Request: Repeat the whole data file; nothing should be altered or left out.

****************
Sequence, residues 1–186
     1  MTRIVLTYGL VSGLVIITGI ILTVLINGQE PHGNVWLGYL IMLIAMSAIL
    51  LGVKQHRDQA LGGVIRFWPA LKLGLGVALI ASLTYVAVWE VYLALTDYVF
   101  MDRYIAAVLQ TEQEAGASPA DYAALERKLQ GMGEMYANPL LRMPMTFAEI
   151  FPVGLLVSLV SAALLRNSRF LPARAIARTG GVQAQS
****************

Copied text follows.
Sequence, residues 1–186
     1  MTRIVLTYGL VSGLVIITGI ILTVLINGQE PHGNVWLGYL IMLIAMSAIL
    51  LGVKQHRDQA LGGVIRFWPA LKLGLGVALI ASLTYVAVWE VYLALTDYVF
   101  MDRYIAAVLQ TEQEAGASPA DYAALERKLQ GMGEMYANPL LRMPMTFAEI
   151  FPVGLLVSLV SAALLRNSRF LPARAIARTG GVQAQS